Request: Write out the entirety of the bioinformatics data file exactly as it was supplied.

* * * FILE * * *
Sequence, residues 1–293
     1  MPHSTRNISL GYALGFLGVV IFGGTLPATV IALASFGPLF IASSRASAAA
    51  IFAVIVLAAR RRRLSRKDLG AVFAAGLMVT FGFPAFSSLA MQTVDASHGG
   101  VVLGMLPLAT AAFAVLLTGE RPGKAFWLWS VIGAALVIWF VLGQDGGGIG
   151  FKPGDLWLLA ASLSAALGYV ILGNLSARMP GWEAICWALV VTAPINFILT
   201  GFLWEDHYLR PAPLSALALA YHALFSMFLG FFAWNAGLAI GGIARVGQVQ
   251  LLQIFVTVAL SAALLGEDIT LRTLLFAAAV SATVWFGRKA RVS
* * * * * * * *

Sequence, residues 1–293
     1  MPHSTRNISL GYALGFLGVV IFGGTLPATV IALASFGPLF IASSRASAAA
    51  IFAVIVLAAR RRRLSRKDLG AVFAAGLMVT FGFPAFSSLA MQTVDASHGG
   101  VVLGMLPLAT AAFAVLLTGE RPGKAFWLWS VIGAALVIWF VLGQDGGGIG
   151  FKPGDLWLLA ASLSAALGYV ILGNLSARMP GWEAICWALV VTAPINFILT
   201  GFLWEDHYLR PAPLSALALA YHALFSMFLG FFAWNAGLAI GGIARVGQVQ
   251  LLQIFVTVAL SAALLGEDIT LRTLLFAAAV SATVWFGRKA RVS